49 Relationship Questions That Spark Meaningful Conversations

Steve and Julie thought there was nothing easier than taco date night. Oh, how fast they could be proven wrong…

Steve orders two asada and two chorizo tacos. 

“Aww thanks, Steve,” Julie says. 

Steve gives her a questioning look.

“For…the tacos,” Julie continues, a little confused. “You remember both of our favorites!”

“Uh, these are my tacos,” Steve says. 

All four of them?” Julie questions. 

“Well…yes.” Steve responds. “Why?”

“Oh…nothing.”

Taco night just took a turn. And no one wants to ruin taco night.

The terrible side effect of being misunderstood (and the reason taco night was ruined)

Is Steve being neglectful or is Julie attacking him?

The answer is usually more complicated than who’s right or wrong. Both Steve and Julie missed the full emotional picture.

Julie feels forgotten because Steve got tacos only for himself. 

Steve feels he’s being judged for his eating habits. 

Bottom line, there’s a lack of understanding. And when there’s a lack of understanding, both parties usually end up hurt.  

The real question is, how can you avoid this in your relationship? 

To start, you need to understand an important principle. 

Being misunderstood has a terrible side effect: feeling unaccepted. 

Acceptance is what we want in our relationships. Our relationship is a place where we should feel fully understood and accepted as who we are.

How can we get there? How can we get to a place where we feel accepted, and the flip side of that, have our partners feel accepted?

You might be surprised that it’s as simple as asking good relationship questions. 

That’s right, ask and you shall receive. 

How asking the right questions can work wonders for your relationship

You might know facts about your partner, but that doesn’t mean you understand their emotions.

Take our taco couple, for example. 

Let’s say Steve knows that Julie had a group of friends in high school that would regularly “forget” to tell her where they were hanging out. Steve knows the fact of her past, but hasn’t made a connection to her emotions.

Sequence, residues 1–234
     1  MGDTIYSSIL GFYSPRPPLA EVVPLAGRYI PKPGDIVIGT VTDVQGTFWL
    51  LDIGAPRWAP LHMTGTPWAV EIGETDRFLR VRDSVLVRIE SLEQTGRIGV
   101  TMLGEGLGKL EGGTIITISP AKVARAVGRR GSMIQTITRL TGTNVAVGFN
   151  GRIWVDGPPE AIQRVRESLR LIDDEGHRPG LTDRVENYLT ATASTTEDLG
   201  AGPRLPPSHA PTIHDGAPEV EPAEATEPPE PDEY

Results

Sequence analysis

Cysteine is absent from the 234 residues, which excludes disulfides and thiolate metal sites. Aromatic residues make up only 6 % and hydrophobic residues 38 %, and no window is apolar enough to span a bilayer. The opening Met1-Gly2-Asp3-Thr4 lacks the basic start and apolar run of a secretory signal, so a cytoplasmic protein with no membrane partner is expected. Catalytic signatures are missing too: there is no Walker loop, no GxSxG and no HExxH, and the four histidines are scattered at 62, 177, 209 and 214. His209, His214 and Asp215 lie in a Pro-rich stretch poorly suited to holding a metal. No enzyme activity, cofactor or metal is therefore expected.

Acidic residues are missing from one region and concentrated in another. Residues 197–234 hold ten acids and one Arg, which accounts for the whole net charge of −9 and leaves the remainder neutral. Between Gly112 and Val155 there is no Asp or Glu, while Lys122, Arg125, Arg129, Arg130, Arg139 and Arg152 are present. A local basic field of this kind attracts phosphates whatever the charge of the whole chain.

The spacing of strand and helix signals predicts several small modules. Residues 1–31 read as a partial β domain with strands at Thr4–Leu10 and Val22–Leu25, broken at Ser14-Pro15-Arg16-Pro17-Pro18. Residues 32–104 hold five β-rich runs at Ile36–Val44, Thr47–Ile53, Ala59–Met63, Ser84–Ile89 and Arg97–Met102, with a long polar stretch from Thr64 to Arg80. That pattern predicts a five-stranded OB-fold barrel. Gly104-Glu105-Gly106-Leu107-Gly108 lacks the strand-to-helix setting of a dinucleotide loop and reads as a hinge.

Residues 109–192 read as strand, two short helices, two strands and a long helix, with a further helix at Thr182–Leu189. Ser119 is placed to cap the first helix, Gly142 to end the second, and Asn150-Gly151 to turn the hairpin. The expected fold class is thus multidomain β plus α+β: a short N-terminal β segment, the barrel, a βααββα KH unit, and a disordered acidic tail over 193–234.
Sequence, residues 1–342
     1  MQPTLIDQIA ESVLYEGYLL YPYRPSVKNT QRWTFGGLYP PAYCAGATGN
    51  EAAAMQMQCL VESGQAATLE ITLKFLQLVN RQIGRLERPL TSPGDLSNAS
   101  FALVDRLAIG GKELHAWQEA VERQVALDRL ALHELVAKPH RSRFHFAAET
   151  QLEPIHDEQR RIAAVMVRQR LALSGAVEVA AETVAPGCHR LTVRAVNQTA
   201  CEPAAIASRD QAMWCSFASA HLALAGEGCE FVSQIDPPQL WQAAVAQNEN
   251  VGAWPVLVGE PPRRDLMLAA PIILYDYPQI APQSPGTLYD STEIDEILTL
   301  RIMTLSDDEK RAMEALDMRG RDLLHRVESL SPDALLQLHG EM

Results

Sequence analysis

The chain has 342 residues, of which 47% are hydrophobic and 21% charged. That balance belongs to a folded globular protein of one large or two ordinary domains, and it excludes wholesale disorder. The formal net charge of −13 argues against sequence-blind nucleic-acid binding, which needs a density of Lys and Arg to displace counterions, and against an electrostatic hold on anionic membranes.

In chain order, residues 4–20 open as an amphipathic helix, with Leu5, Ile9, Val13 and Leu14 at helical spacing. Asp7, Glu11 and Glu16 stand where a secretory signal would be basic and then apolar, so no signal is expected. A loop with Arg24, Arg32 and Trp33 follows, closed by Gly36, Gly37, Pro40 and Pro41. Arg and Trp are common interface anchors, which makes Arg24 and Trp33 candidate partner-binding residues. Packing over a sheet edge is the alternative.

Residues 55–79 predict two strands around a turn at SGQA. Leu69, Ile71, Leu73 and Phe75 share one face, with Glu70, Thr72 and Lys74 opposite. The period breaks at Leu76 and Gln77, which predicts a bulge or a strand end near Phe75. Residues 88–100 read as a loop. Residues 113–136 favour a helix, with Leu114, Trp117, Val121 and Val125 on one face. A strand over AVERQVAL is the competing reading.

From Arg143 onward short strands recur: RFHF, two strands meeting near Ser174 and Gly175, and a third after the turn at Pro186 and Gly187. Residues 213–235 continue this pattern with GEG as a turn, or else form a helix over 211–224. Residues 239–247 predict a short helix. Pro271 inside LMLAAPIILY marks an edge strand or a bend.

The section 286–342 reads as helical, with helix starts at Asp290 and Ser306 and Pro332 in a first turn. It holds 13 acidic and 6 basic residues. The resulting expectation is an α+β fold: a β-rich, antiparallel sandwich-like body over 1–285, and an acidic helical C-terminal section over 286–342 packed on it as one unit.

Julie might be sensitive to feeling left out because of those friends she used to have. 

Steve ordering tacos for only himself now comes with a little emotional baggage he didn’t even realize was there. 

And maybe Julie didn’t either!

Sometimes, we don’t even know ourselves well enough to explain certain emotions. (But more on that in a bit.)

That’s why it’s important to ask the right questions:

They help us understand not just facts about our partners, but their underlying emotions as well.

First, you have to know where your communication is before knowing the right questions to ask in your relationship. 

The Three Levels of Communication in All Relationships

There are three levels of communication in a relationship. (And this goes for non-romantic relationships too). 

  • Grunt
  • Journalist
  • Feelings

Grunt represents communication in its most basic form. Simple responses like fine, ok, here, sounds good, make it clear the question was heard but don’t reveal much else.

Journalist is the level of facts. It’s like reporting the weather to each other. The office was freezing today. I missed lunch and now I’m starving. This is enough to know what has happened in the day, but not any depth to the why’s or how anyone was feeling. 

Feelings are at a deeper level. There’s enough vulnerability to understand the emotion in the conversation. I feel sad because I wasn’t invited to lunch at work. 

Below is a list of questions to help you dive deeper through these three levels of communication. There’s something for every stage of a relationship, ranging from fun to more serious. 

Remember to get to the core feelings of an answer.

Your partner’s favorite movie is the Journalist level of communication. Why that movie has affected them gets to the Feelings level.

That’s where understanding starts to happen. 

Good Relationship Questions (By Stage of Relationship)

New Relationship Questions

These questions are specifically designed for the early days of a new relationship. 

  1. What was your favorite book/movie as a child? Why? What was your favorite part?
  2. What was your favorite Christmas of all time? What made it special?
  3. Who is the person you first turn to when you need advice?
  4. Where did your family go on vacations when you were a child? Do you have a favorite place or memory from them?
  5. What’s your favorite color? Have you ever wondered why it’s your favorite?
  6. If you could live out in the country or in the big city, which would you choose? Why? Is it another place altogether?
  7. What has been the biggest surprise for you in the last year?
  8. How would you describe your partner’s sense of humor?
  9. Which is your favorite season? What about your least favorite? Why?
  10. What was a typical dinner like in your childhood home? Did a family member cook? Was it a lot of take-out? Where did you eat and what were the conversations like?

Serious Relationship Questions